Caregiving Resources and Support: Helping You Provide the Best Care


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  • Check for any stressor or challenge that they might be facing
  • Are we putting any unrealistic expectations?
  • Check for Expressed Emotions
  • Is that a warning sign for relapse?
  • Don’t take things personally.
  • Look for the trigger in that situation
  • Give them time to heal from their illness.
  • This could be a part of their illness. We should give them some time to recover from it.
  • Although, make sure to keep a check on their safety when they are not around.
  • Listen empathically.
  • Provide a warm and emotionally comforting environment.
  • Avoid convincing or arguing with the young person that their experiences are not true.
  • Ask the young person to describe the symptoms and how he/ she feels about it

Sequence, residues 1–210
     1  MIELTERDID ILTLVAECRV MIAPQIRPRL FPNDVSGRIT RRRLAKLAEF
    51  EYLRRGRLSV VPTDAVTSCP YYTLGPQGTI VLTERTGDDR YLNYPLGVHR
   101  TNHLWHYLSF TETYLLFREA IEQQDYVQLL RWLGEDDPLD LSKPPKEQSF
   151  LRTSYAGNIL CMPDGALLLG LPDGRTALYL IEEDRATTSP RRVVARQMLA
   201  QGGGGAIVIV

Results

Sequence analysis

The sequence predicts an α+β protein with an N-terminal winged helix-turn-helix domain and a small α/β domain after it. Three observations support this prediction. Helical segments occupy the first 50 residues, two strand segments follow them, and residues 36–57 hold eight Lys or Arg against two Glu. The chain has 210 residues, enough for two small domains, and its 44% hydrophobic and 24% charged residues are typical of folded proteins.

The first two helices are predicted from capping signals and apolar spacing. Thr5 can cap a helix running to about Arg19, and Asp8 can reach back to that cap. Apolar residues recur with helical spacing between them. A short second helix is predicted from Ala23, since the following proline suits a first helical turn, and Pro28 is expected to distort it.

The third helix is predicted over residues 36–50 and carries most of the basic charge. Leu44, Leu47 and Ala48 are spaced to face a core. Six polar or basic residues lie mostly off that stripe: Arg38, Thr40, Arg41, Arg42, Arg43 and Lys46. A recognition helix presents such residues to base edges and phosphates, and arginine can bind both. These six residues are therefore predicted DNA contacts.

• Do all things with patience and understanding.
  • Respect his/her decision if they do not want to talk about it.

It is not necessary to make up for the missed medication by taking a higher dosage as young people do not usually experience a relapse if they miss a few days of medication. However, frequent and prolonged non-adherence to the medication is strongly discouraged. Instead, continue at the dosage recommended by psychiatrist for daily consumption.

The psychiatrist usually advises young people to take medication for a minimum of six months to two years, depending on the young person’s progress in recovery, the type of psychotic disorder and the young person’s day to day coping. Psychiatrists may slowly decrease the medication dosage if the young person does not experience any relapse during the time he/she is on medication.

  • Respectful, calm and a positive attitude
  • Communicate openly and often with the doctors
  • Work together to create short-term goals
  • Genuinely praise and compliment your patients frequently, even for day-to-day activities.
  • Seek help if there is an incident of violent behavior by the patient
  • Accept the fact that the patient has illness
  • NO. 99% of the times, patient is experiencing real symptoms.
  • Educating yourself will help you deal better.
  • Every individual has their own pace of recovery.

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